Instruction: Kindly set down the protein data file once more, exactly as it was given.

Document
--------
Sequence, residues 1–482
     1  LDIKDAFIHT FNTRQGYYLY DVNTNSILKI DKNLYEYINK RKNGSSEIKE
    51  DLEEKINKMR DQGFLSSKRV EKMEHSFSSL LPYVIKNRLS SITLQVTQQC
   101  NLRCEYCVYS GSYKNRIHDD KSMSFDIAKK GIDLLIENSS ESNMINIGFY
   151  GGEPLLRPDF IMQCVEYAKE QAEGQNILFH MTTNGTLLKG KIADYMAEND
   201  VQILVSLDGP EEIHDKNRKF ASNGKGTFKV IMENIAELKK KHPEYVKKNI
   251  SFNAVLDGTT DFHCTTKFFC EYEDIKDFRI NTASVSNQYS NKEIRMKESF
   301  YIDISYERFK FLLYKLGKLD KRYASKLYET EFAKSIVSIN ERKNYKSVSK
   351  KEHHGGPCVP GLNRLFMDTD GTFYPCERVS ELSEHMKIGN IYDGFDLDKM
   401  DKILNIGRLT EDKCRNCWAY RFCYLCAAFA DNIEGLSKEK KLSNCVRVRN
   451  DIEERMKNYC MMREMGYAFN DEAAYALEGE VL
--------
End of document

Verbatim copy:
Sequence, residues 1–482
     1  LDIKDAFIHT FNTRQGYYLY DVNTNSILKI DKNLYEYINK RKNGSSEIKE
    51  DLEEKINKMR DQGFLSSKRV EKMEHSFSSL LPYVIKNRLS SITLQVTQQC
   101  NLRCEYCVYS GSYKNRIHDD KSMSFDIAKK GIDLLIENSS ESNMINIGFY
   151  GGEPLLRPDF IMQCVEYAKE QAEGQNILFH MTTNGTLLKG KIADYMAEND
   201  VQILVSLDGP EEIHDKNRKF ASNGKGTFKV IMENIAELKK KHPEYVKKNI
   251  SFNAVLDGTT DFHCTTKFFC EYEDIKDFRI NTASVSNQYS NKEIRMKESF
   301  YIDISYERFK FLLYKLGKLD KRYASKLYET EFAKSIVSIN ERKNYKSVSK
   351  KEHHGGPCVP GLNRLFMDTD GTFYPCERVS ELSEHMKIGN IYDGFDLDKM
   401  DKILNIGRLT EDKCRNCWAY RFCYLCAAFA DNIEGLSKEK KLSNCVRVRN
   451  DIEERMKNYC MMREMGYAFN DEAAYALEGE VL